For five decades, the Man Booker Prize has brought recognition, reward and readership to outstanding fiction – celebrating the best original novels written in the English language, published in the UK. Awarded annually, the prize’s honours board is a veritable who’s who of literary talent from P.H. Newby in 1969 to last year’s winner George Saunders, via Salman Rushdie, Ben Okri, Margaret Atwood, Roddy Doyle and many more household names and bookshelf staples.
This summer, to celebrate 50 years of the Man Booker Prize, Southbank Centre hosts a special Man Booker 50 festival featuring an array of literary talent. Offering a fitting climax to a packed weekend of events will be the star-studded Golden Man Booker Live, at which the best work of fiction from those five decades of the Man Booker Prize will be crowned.
Tasked with whittling those 50 past winners into a more manageable five-book shortlist were five judges, each responsible for a particular decade; editor and writer Robert McCrum (1970s), poet Lemn Sissay MBE (1980s), novelist Kamila Shamsie (1990s), broadcaster and novelist Simon Mayo (2000s) and poet Hollie McNish (2010s). Here, we run through their choices and hear from the judges on what drew them to make their particular selection.
Trinidadian writer VS Naipaul won the Man Booker Prize in 1971 with In a Free State, which comprises three short stories with an overarching plot. In Naipaul’s work, we are taken across continents and given insights into very different lives, from an Indian servant in Washington DC to West Indian brothers in England as we consider the price of freedom. VS Naipaul was awarded the Nobel Prize for Literature in 2001; In a Free State is his eighth novel.
Robert McCrum is a writer and editor, who was associate editor of The Observer from 2010 until the start of this year, having previously spent 14 years as the newspaper’s literary editor. He has written seven novels and four non-fiction works including My Year Off documenting a serious stroke he suffered in 1995. In this short video, McCrum explains how re-reading VS Naipaul’s In a Free State was like meeting his old self.
An academic decides to write a history of the world from her deathbed Moon Tiger, winner of the 1987 Booker Prize. What emerges, however, is a tale of incest, of love and the desire for independence. Written from multiple points of view, Penelope Lively’s novel spans time before, during and after the Second World War. Lively initially made her name as a children’s author — winning the Whitbread Children’s Book Award in 1976 for A Stitch in Time — before writing adult fiction, where she again earned recognition, making the Booker Prize shortlist with her debut work The Road to Lichfield in 1977. Lively was shortlisted again in 1984 for According to Mark, before winning the award with Moon Tiger.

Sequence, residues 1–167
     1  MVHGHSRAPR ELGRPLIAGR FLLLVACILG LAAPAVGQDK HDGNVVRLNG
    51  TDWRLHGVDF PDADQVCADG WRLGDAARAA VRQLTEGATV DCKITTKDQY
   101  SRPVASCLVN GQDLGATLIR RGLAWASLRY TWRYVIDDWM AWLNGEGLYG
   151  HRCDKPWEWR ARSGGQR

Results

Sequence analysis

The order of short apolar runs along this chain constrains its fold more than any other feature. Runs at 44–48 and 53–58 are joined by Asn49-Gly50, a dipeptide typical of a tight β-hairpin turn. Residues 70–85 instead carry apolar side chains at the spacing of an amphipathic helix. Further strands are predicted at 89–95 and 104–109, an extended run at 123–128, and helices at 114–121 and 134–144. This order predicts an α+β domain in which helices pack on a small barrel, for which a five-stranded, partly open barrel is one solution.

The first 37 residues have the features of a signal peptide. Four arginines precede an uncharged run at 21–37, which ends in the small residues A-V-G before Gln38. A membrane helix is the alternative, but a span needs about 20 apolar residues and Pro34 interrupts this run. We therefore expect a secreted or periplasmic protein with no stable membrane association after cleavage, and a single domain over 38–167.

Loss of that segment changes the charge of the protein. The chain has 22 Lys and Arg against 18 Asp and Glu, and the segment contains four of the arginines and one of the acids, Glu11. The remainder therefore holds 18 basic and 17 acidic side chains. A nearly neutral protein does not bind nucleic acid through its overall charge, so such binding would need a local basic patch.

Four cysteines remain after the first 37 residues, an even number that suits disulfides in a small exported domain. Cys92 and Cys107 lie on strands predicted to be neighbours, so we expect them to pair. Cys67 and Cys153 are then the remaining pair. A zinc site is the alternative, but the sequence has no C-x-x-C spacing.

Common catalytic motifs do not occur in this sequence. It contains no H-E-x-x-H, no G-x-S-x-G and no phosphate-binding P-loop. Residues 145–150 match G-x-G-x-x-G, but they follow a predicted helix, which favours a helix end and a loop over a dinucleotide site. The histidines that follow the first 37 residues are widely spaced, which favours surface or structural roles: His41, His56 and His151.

Lemn Sissay MBE is a poet, broadcaster, commissioner and playwright whose Landmark Poems are installed throughout Manchester and London, including in our own Royal Festival Hall. Currently Chancellor of the University of Manchester and Canterbury’s Poet Laureate, he explains why he feels people should go back to Penelope Lively’s Moon Tiger.
Michael Ondaatje’s The English Patient shared the Booker Prize with Barry Unsworth’s Sacred Hunger in 1992. It is a tale of four people brought together in a ramshackle Italian villa during the Second World War - an unrecognisably burned man, the eponymous patient, presumed to be English; his Canadian Army nurse, a Sikh British Army sapper, and a Canadian thief - and the effects the patient’s gradually returning memory has upon them. As a poet, novelist and editor and critic Ondaatje has been a central figure in Canadian literature since the the 1970s. The English Patient is his third novel and was later adapted by Anthony Minghella into a highly successful film, winning an Academy Award for Best Picture in 1996.
Kamila Shamsie is the author of seven novels, including Home Fire (longlisted for the 2018 Man Booker Prize), Burnt Shadows (shortlisted for the Orange Prize for Fiction), and A God in Every Stone (shortlisted for the Bailey’s Women’s Prize for Fiction). In this short video Shamsie explains why she feels The English Patient stands out.
Winner of the 2009 Man Booker Prize, Hilary Mantel’s Wolf Hall is a sympathetic fictionalised biography, documenting the rapid rise to power of Thomas Cromwell in the court of Henry VIII through to the death of Sir Thomas More. The work is the first of a trilogy, and was followed by Bring Up the Bodies, which also won the Booker Prize in 2012, making Mantel the first female writer to win the award twice. Wolf Hall has since been adapted into both a successful stage production and a BBC television series.
One of Britain's most well-known radio presenters, Simon Mayo has presented BBC Radio 1, and latterly BBC Radio 2, since 1981. Named Radio Broadcaster of the Year at the 2008 Broadcasting Press Guild Awards, Mayo has also published five books, including his bestselling trilogy for children, Itch. In the short video below, he explains what, for him, sets Wolf Hall apart from the decade’s other winners.
George Saunders’ Lincoln in the Bardo - winner in 2017 - tells the story of Abraham Lincoln mourning the death of his 11-year-old son Willie and the ghosts who visit him in the crypt where the boy’s body lays. Texas-born Saunders is much loved for his witty short fiction and generous advice to other writers. Lincoln in the Bardo is the only full-length novel he has published to date.
Poet and spoken word artist Hollie McNish has published three collections of poetry, a play and the poetic memoir Nobody Told Me, which won the Ted Hughes Award in 2012. She explains why she selected this book that ‘breaks boundaries’ in the video, below.